Racetrack owners warned Maryland lawmakers yesterday not to cut the tracks' share of the annual $1.5 billion jackpot that could result if slot machines are legalized, suggesting they might refuse to agree to a gambling deal and leave the state in a financial lurch.
Representatives of the Maryland Jockey Club, which owns the Laurel Park and Pimlico thoroughbred racetracks, told a Senate committee that they might actually lose money if slots are approved under terms proposed last week by Gov. Robert L. Ehrlich Jr. (R). Even under an "optimal" scenario in whichthe demand for slots would be unusually heavy, the racetracks would earn $21 million a year in profits at most after paying taxes and other expenses, they predicted.
"The rubber band has been stretched really, really far here," Joseph A. De Francis, part owner of the Jockey Club, said when asked whether track owners could make do with a lesser share of slots revenue. "I don't know how much farther it can be stretched."
Said Ed Hannah, an executive for the Jockey Club's parent company: "We are stretched right to the limit."
The owners of Rosecroft Raceway in Oxon Hill also told lawmakers that they would barely break even under Ehrlich's plan. They handed out reports projecting that they would collect $230 million a year in gross revenues from slots but earn $8 million a year in profits after paying all taxes, debts and expenses.
Senators responded with tough language, ripping Jockey Club officials for making untenable demands and creating what some described as a public-relations disaster that is making it difficult to sell slots to their constituents.
"We're losing the public-relations war on this one," said Sen. Ulysses Currie (D-Prince George's), chairman of the Senate Budget Committee. "We can't go back home and wave these numbers and impress the voters."
The exchange came as racetrack owners tried to persuade the Senate to adopt a slots plan drafted by Ehrlich that would give them 44 percent of the proceeds, or an estimated $665 million a year. Under the governor's proposal, public schools would receive slightly less, about 42 percent, with the remainder going to local governments, racing purses and other causes.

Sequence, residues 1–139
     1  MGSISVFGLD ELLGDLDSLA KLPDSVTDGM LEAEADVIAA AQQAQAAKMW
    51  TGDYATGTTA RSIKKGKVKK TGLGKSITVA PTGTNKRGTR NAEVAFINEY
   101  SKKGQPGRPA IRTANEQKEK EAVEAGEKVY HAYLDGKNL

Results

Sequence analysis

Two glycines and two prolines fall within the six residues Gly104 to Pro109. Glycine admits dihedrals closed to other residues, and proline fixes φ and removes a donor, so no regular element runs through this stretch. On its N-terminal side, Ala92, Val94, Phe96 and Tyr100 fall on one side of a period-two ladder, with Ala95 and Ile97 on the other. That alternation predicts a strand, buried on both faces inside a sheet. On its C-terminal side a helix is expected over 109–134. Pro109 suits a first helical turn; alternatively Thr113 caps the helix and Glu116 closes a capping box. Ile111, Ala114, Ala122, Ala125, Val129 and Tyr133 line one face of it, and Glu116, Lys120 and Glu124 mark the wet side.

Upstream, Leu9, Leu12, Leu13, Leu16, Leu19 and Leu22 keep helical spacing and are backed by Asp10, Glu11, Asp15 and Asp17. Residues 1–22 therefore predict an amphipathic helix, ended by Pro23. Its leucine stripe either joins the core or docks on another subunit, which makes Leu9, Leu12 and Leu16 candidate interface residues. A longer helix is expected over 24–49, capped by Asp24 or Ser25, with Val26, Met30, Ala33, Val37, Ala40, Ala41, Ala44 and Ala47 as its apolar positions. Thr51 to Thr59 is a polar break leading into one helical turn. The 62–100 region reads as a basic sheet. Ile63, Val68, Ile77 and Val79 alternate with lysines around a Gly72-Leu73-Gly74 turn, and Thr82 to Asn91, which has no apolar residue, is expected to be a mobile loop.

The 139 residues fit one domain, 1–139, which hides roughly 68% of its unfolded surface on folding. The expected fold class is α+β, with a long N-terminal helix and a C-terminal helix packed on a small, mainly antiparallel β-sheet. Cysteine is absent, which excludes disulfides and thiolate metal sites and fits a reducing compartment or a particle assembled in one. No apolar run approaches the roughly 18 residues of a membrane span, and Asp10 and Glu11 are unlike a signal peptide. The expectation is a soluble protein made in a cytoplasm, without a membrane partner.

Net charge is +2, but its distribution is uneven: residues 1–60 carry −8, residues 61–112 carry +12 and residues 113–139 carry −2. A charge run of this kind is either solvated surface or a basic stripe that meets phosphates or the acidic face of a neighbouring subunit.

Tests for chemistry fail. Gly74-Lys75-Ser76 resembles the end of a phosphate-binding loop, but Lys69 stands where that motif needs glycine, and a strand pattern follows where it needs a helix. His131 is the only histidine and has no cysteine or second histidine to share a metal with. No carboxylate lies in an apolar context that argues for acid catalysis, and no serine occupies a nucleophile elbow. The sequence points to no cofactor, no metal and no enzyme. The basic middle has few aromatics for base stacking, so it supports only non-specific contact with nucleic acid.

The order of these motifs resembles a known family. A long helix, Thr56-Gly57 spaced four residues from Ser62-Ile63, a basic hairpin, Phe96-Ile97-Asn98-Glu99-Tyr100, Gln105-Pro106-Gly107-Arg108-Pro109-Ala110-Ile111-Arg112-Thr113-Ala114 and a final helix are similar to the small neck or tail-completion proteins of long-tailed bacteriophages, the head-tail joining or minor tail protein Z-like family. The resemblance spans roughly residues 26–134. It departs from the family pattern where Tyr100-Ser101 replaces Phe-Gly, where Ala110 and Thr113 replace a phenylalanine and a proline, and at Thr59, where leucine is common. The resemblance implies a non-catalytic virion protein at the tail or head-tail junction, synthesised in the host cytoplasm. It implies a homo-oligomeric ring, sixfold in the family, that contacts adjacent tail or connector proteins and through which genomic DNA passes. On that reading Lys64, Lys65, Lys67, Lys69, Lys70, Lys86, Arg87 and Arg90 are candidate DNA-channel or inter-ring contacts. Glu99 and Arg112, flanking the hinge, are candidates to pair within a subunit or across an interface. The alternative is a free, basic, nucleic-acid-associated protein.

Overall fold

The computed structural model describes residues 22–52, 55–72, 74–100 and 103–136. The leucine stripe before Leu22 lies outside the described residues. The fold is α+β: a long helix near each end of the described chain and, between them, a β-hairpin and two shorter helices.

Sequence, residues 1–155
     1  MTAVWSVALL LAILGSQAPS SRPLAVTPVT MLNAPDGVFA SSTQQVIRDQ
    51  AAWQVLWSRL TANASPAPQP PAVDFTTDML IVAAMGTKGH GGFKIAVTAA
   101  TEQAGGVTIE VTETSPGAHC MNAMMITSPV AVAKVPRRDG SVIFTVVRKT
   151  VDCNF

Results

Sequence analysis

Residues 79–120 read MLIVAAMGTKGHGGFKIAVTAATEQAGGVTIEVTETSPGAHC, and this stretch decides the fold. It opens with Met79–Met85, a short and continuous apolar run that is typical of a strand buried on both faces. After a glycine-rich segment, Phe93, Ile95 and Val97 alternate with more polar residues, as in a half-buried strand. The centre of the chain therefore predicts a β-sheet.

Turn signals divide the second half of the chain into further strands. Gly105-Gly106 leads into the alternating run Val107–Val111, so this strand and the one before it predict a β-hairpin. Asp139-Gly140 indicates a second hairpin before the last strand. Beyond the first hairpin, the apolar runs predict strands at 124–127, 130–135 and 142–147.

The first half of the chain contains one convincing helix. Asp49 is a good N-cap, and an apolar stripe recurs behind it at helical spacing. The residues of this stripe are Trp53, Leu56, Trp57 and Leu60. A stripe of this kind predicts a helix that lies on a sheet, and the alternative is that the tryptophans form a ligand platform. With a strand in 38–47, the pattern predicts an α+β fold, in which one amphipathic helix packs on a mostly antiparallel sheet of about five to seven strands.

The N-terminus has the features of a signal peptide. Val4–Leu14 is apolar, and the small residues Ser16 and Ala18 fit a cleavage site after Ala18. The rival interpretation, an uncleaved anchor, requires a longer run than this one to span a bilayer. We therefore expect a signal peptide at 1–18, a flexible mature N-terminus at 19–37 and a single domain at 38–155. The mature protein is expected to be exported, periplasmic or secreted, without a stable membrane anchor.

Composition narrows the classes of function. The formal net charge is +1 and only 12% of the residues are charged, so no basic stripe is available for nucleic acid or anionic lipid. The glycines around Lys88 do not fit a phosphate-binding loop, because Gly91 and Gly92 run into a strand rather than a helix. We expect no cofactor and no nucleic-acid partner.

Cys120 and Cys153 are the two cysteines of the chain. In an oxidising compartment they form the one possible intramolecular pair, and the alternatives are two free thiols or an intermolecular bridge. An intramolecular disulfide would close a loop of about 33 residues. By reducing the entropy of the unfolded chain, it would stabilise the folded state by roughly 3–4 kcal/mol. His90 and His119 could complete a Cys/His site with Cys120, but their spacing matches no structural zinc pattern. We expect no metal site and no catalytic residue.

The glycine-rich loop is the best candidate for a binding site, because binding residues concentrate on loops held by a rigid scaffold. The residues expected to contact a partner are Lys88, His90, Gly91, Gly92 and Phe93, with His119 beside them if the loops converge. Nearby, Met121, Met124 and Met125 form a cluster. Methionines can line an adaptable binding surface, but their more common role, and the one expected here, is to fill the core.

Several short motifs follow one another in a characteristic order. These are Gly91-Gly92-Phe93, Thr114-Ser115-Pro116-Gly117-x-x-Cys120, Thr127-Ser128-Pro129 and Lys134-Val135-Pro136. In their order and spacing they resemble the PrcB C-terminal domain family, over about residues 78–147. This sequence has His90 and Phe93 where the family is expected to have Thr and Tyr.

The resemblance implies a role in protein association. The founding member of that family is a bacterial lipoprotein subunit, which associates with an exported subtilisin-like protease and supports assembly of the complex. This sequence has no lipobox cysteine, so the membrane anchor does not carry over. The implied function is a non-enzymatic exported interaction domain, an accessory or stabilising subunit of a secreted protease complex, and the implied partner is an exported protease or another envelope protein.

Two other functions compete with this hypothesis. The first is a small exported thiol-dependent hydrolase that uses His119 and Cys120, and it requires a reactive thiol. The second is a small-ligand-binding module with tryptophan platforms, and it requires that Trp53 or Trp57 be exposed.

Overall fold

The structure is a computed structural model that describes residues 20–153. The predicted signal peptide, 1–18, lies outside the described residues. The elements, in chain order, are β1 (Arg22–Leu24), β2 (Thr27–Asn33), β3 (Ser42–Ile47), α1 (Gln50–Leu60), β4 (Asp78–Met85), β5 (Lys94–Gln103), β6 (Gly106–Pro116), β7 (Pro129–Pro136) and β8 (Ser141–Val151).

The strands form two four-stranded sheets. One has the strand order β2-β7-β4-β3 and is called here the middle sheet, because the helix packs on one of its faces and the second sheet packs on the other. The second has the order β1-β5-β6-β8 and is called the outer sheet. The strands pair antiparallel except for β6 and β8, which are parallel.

Ehrlich wants to charge the state's three biggest racetracks $120 million in upfront licensing fees, which would give them the right to operate 10,500 slots for two decades. A fourth track on the drawing board in Western Maryland would get 1,000 machines.
For the most part, the General Assembly has greeted Ehrlich's bill with jeers.Yesterday, the House of Delegates passed a bill that would create a study commission on slots. Although the measure would not preclude the General Assembly from legalizing slots this year, House leaders have strongly opposed Ehrlich's gambling plan.
Senate leaders, though, said they hoped to pass a slots bill soon, perhaps next week. But they intend to throw out Ehrlich's plan and start from scratch with an alternative that would give more money to schools, localities and racing purses.
Yesterday, the Senate Budget Committee essentially opened high-stakes negotiations with the track owners in a public forum, asking them point-blank how much smaller a share they could stomach without walking away from the deal.
The response from the racetracks: not much, if any.
Sen. Gloria Lawlah (D-Prince George's) said the response from her constituents to Ehrlich's proposed slots deal was overwhelmingly negative, saying that her "head was bloody" after the public learned that tracks would receive a bigger piece of the slots pie than public schools. She asked De Francis if he would agree to a deal that would give the tracks 38 percent of the revenue, instead of 44 percent.
De Francis said no.
"It won't be possible for us to finance the project if we get less," he said. "Everybody wants more to go to education. Everybody wants more to go to [local governments]. We in the racing industry want more to go to purses. But honestly, I don't know where it's going to come from."
Other senators ripped De Francis and the Jockey Club for making other public demands, including provisions that would allow their slot palaces to serve alcohol until 4 a.m. and enable them to bypass local zoning and planning regulations in building.
"Did I get blistered?" said Sen. Nathaniel McFadden (D-Baltimore), describing how his constituents reacted to such proposals.
McFadden, who supports expanded gambling, told De Francis that he needed to do a better job of pitching slots to the public, especially in predominantly black neighborhoods near Pimlico.
"Joe, Joe, Joe," he said. "Find yourself a black p.r. firm, a good one. You have to help us with this because we're getting murdered in the newspapers."